A. Helen Rasmussen, PhD, RD, senior research dietitian in the Metabolic Research Unit at the Jean Mayer USDA Human Nutrition Research Center on Aging, answers: “Gout is a form of inflammatory arthritis. In the 18th and 19th centuries, it was considered ‘the disease of kings and the king of diseases.’ Gout was common among affluent individuals, who were typically overweight and consumed mostly meat and alcohol, shunning fruits, vegetables, and dairy.
“The metabolism of compounds called purines raises the level of uric acid in the bloodstream. When uric acid levels rise, sodium urate crystals can develop in joints like the knees and toes, causing pain, tenderness, redness, warmth, and swelling.
“Limiting intake of foods that increase uric acid levels can help—as can managing weight, diabetes, high blood lipids, and high blood pressure. If you have gout, try these tips to help prevent attacks:
-Cut back on or eliminate all types of alcoholic beverages (no more than one alcoholic drink a day for women and two for men).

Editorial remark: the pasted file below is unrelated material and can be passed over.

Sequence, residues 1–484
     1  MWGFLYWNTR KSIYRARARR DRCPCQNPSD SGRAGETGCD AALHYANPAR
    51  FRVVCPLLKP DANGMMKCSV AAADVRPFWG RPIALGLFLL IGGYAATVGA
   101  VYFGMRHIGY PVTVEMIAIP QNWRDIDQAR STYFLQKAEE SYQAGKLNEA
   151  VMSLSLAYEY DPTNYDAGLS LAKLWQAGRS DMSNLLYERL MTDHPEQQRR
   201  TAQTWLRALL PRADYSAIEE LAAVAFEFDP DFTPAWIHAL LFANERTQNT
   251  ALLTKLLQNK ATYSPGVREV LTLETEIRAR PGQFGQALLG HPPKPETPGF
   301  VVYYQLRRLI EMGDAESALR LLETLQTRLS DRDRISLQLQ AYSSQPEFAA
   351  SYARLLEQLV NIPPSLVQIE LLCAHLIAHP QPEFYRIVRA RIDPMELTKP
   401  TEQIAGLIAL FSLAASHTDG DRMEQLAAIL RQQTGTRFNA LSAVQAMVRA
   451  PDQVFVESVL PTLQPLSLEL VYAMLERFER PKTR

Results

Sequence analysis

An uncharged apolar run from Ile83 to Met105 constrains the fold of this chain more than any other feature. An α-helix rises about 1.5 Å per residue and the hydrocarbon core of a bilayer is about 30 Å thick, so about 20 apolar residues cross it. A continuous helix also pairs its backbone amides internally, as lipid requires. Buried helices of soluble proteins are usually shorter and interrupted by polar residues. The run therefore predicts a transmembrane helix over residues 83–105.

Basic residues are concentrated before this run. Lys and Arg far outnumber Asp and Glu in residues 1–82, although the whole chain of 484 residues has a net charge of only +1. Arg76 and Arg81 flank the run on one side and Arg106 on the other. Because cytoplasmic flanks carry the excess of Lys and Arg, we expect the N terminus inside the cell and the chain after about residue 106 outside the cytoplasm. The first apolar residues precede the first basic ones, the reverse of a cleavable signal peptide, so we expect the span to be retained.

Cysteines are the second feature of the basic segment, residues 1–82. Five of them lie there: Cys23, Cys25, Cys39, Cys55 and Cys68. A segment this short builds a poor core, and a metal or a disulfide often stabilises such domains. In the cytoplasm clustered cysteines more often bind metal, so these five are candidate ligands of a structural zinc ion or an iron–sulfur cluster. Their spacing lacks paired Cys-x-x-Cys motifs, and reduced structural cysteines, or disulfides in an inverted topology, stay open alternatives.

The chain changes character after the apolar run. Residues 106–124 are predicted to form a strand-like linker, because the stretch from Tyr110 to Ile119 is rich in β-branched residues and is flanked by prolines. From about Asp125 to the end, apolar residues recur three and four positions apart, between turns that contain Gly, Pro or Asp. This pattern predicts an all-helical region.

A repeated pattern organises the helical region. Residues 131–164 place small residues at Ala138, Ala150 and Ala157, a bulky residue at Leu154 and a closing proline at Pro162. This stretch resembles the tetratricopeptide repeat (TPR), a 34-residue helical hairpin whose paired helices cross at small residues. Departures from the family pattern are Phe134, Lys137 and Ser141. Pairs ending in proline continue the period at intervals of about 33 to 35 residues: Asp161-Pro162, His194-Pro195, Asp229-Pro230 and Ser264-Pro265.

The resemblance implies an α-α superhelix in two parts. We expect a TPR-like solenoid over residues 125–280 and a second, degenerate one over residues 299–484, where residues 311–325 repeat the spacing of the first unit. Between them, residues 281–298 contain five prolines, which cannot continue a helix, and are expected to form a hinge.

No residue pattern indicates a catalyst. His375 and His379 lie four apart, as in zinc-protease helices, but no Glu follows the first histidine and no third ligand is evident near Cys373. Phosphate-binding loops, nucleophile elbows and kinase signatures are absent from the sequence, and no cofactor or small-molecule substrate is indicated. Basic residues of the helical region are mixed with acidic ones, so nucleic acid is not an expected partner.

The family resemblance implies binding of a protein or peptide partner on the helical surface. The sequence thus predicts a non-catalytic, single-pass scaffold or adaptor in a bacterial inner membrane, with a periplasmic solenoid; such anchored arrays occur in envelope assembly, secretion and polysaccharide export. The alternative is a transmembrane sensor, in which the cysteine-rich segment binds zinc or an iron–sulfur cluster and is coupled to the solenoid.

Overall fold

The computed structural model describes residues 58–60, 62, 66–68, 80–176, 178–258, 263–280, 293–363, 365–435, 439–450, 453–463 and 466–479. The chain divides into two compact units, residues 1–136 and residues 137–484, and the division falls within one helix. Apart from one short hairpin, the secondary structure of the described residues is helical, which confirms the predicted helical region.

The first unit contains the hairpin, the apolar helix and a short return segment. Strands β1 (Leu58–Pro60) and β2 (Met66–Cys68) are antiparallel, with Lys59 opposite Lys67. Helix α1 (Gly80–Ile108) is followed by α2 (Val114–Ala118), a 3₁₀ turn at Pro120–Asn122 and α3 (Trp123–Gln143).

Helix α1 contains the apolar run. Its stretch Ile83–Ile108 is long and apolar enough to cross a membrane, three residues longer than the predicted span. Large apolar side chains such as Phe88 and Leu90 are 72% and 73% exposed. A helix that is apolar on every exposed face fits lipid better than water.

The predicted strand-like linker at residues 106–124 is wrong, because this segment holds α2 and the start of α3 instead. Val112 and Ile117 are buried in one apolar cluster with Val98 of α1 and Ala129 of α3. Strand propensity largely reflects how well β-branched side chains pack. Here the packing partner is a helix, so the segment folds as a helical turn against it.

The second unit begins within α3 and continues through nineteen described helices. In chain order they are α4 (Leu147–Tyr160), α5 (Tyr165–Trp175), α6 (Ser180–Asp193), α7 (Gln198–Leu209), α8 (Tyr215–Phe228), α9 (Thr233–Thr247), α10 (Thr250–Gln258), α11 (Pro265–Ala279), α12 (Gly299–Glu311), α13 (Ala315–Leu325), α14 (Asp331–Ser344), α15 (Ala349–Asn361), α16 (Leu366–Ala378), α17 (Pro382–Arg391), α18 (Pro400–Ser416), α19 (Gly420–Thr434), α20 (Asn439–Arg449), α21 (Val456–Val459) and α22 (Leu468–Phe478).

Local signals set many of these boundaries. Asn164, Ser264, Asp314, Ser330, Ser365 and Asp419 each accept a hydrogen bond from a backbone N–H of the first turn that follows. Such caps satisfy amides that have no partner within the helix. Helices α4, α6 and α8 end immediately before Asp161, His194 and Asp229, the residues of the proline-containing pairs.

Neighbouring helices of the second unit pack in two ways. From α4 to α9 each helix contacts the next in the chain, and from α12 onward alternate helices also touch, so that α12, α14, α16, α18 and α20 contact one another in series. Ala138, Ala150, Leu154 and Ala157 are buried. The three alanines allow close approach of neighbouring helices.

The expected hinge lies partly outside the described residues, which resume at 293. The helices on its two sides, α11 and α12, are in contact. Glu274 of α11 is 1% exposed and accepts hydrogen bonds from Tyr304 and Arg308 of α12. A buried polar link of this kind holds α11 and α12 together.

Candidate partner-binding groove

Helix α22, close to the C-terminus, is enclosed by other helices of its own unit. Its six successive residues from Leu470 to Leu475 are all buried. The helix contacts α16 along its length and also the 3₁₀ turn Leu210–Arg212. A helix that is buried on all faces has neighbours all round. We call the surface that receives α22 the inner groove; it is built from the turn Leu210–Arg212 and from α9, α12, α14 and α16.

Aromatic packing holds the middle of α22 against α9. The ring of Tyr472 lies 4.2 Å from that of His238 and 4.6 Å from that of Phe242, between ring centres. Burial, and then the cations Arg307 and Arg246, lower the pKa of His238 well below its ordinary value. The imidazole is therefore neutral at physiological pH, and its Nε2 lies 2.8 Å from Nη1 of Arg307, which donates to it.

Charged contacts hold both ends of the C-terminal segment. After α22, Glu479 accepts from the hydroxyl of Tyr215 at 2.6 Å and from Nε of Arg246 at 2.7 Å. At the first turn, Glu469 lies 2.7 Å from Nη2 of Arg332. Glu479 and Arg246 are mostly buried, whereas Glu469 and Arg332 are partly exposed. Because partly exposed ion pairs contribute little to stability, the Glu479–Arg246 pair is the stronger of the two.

-Limit intake of high-purine foods, especially red meat, organ meats (like liver, tongue, and sweetbreads), and shellfish. Poultry, pork, and some fish are also considered moderate sources of purine.
-Cut back on or eliminate sugary beverages and other sweet foods, especially those with high-fructose corn syrup and agave syrup.
-Drink plenty of water.
“Additionally, losing weight (if overweight) helps reduce the uric acid in the blood and can reduce pressure on hips and knees, relieve pain, and slow the progression of arthritis.”